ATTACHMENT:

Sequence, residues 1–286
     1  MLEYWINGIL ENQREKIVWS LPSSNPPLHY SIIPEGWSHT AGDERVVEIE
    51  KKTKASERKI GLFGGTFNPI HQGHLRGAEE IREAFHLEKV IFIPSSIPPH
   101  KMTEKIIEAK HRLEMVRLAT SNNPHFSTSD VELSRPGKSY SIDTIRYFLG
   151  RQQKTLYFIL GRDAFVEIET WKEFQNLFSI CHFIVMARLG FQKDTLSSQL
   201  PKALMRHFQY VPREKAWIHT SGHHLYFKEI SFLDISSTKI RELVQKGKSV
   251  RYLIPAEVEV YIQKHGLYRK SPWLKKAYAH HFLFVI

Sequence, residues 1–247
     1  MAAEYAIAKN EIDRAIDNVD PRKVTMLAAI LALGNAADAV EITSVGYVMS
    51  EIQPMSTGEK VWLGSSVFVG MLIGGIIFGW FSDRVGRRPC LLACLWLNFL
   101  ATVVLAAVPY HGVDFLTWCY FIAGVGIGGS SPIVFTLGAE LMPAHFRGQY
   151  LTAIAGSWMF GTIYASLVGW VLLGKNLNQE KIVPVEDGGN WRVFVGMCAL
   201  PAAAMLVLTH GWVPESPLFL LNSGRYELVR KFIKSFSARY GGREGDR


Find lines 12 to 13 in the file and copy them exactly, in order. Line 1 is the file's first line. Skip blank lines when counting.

   151  LTAIAGSWMF GTIYASLVGW VLLGKNLNQE KIVPVEDGGN WRVFVGMCAL
   201  PAAAMLVLTH GWVPESPLFL LNSGRYELVR KFIKSFSARY GGREGDR